William Shakespeare's The Merchant of Venice tells a story about money, hatred, justice and mercy. The central character in the play is Shylock, a Jewish moneylender. Shylock is portrayed as greedy and has great resentment for Antonio, the merchant of Venice, because he interferes with his business. Because of the other character's admiration for Antonio, the audience warm to him and in turn, see Shylock as a villain, someone who preys on the hardship of others in order to increase his own wealth. Despite the negative views of Shylock, at times the audience is forced to sympathize with him, as it is the Christians whose racial insults have made him the vengeful character he is.
Antonio does not charge interest on his loans, ultimately causing Shylock to lose money. Shylock hates Antonio not just because "He lends out money gratis and brings down The rate of usance here with us in Venice,"(I,iii,41-42) but also because Antonio insults his religion at every opportunity. This results in great anger and bitterness directed towards Antonio. Antonio acknowledges the bitterness between himself and Shylock, .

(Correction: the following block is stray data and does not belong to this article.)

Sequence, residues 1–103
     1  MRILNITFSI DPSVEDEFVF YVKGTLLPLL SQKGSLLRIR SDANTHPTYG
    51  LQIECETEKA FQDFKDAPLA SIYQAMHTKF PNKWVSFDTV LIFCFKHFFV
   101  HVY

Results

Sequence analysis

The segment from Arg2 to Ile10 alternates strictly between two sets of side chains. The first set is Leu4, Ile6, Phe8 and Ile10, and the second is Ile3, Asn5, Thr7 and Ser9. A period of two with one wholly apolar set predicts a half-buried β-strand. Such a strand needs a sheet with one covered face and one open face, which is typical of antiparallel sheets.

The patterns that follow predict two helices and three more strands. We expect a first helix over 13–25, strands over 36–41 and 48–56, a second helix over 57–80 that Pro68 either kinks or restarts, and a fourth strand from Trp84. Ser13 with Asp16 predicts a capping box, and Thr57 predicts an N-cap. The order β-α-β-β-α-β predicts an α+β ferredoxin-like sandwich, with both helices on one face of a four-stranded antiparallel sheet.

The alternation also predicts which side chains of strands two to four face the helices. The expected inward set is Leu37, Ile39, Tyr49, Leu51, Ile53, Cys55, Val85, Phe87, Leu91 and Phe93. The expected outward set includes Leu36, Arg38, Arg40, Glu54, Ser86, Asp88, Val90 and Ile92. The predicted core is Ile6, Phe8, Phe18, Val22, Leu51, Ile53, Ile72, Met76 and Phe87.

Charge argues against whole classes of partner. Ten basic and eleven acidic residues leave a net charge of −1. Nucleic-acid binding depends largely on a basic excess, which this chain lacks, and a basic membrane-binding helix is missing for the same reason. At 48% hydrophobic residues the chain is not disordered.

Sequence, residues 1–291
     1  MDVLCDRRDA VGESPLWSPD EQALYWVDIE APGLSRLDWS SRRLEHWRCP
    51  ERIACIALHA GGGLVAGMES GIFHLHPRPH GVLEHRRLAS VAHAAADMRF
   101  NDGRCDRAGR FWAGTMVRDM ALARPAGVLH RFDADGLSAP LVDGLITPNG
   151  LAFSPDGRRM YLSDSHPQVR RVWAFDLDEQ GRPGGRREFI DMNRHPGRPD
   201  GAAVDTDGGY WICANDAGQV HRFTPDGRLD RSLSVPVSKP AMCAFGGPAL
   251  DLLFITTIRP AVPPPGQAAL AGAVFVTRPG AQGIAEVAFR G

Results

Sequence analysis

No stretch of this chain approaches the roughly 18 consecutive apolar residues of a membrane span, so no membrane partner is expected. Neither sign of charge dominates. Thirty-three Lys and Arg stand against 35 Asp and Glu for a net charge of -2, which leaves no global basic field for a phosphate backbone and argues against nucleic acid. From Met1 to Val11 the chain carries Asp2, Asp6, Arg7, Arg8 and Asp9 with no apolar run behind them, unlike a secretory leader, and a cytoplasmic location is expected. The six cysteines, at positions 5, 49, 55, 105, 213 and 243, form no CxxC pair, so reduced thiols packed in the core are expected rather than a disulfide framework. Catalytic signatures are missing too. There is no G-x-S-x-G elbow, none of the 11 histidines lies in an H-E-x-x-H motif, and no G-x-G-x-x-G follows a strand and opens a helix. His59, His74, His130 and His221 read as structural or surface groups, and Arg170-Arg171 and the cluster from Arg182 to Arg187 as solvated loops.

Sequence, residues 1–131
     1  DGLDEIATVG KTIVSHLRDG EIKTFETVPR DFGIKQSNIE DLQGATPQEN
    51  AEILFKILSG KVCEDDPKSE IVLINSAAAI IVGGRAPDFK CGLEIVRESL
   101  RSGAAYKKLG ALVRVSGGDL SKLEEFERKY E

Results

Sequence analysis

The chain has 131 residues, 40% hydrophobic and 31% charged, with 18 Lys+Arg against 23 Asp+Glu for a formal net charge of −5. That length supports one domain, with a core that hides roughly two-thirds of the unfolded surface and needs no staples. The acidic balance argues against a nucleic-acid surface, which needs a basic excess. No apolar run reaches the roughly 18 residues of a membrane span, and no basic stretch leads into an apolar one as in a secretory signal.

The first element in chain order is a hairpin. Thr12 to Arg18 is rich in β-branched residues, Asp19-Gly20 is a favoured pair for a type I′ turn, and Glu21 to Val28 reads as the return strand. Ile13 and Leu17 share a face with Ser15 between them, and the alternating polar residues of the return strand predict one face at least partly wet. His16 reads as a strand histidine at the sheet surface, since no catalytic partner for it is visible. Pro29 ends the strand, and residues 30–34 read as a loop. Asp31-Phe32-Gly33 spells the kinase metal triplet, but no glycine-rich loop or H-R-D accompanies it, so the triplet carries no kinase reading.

"Shylock seeks my life; his reasons I well know: I oft delivered from his forfeitures Many that have at times made moan to me; Therefore he hates me" (III,ii,21-24).
Antonio appears as a charitable Christian, he is described as the "kindest man" and is generous, noble and understanding. This is quite a contrast to the miserly Shylock. It is quickly made clear to the audience that Shylock is immoral, judging Antonio on his wealth. Many characters offer insight of the cruel behavior of Shylock: Lancelot explains, "the Jew is the very devil incarnation."(II,ii,26) We learn immediately that Shylock values two things: revenge and money. This makes him, somewhat an evil character.
Antonio's best friend, Bassanio is in need of money. As Antonio is unable to lend the money, but still wants to help his friend, he decides to borrow from Shylock.